“Don’t worry so much about diet and exercise.”

Believing they would live longer and healthier lives, some of my patients had been very strict about eating the “right” foods and staying fit. But when they got sick anyway in their later years they felt they had cheated themselves out of some of life’s pleasures. “Exercise and eat to feel good” they recommended, but enjoy the foods you love and take plenty of time to relax, rest and have fun.

“Your doctor doesn’t have all the answers for you.”

During the early stages of illness many patients believed that modern medicine would cure them. They pursued treatment after treatment and followed medical advice to the tee, but instead of a cure they got severe side effects and complications. These patients wished they had spent less time relying on doctors and more time learning to trust their own judgment.

“Your life’s purpose isn’t what you think it is.”

Finding meaning and purpose in life is one of the great challenges of our human existence. We spend our lives seeking out the “right” occupation that will allow us to achieve both success and fulfillment. But some of my patients recognized that their life’s purpose was much simpler and smaller than they had assumed, such as being a thoughtful neighbor, planting a garden or caring for a pet. Pay as much attention to the simple things of life as you do to your efforts to climb the career ladder.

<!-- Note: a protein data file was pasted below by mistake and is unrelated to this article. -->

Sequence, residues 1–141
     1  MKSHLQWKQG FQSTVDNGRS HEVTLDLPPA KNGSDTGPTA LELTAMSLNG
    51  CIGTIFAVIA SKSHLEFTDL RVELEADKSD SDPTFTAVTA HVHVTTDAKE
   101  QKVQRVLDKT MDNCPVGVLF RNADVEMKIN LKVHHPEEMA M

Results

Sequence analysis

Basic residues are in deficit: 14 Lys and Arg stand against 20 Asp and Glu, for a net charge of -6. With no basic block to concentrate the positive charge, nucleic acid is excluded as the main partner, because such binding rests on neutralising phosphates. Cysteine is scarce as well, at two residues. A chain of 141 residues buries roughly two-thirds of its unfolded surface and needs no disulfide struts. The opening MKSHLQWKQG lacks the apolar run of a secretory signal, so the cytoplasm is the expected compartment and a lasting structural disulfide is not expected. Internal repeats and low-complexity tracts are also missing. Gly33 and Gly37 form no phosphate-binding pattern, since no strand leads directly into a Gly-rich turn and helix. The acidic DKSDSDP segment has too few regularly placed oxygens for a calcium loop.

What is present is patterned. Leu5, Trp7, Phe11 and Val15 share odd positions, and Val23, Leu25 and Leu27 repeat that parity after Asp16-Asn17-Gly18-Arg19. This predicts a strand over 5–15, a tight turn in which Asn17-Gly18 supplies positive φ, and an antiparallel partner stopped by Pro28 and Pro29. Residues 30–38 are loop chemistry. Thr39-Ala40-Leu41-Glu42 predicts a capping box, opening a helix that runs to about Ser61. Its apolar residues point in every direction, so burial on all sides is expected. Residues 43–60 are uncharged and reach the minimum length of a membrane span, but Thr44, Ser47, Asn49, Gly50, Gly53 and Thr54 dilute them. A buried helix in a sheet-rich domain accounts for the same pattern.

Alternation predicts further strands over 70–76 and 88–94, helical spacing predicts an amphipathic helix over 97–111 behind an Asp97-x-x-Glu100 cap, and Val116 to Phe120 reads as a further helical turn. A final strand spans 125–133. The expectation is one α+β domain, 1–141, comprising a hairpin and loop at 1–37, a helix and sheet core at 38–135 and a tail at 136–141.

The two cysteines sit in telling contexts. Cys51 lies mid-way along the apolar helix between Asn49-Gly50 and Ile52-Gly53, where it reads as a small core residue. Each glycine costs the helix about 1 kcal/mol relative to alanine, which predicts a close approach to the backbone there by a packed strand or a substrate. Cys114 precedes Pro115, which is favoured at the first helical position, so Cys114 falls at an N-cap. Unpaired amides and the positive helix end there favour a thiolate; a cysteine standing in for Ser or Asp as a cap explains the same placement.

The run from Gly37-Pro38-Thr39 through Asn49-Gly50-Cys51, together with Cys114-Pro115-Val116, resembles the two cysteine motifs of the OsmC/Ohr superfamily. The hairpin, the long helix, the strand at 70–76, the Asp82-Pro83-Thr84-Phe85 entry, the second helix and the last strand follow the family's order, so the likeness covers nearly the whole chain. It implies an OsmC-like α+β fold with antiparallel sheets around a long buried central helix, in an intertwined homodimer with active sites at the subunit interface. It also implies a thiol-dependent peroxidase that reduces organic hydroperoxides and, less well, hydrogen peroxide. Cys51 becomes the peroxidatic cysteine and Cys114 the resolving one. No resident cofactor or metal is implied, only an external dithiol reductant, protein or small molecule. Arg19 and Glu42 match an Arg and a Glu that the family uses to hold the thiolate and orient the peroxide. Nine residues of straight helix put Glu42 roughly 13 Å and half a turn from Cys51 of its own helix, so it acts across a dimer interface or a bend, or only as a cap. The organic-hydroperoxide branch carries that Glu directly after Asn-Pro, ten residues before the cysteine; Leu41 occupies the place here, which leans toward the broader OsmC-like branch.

“Religion is less important than learning how to love others.”

Some of my patients had been devoutly religious throughout their lives but began to see that path as limiting when they faced their last days. They stopped identifying themselves as part of one group or another and saw instead that we are all connected and all deserving of love. In fact, they said that loving others was the most important task of their lives.

“Dying isn’t as scary as you think.”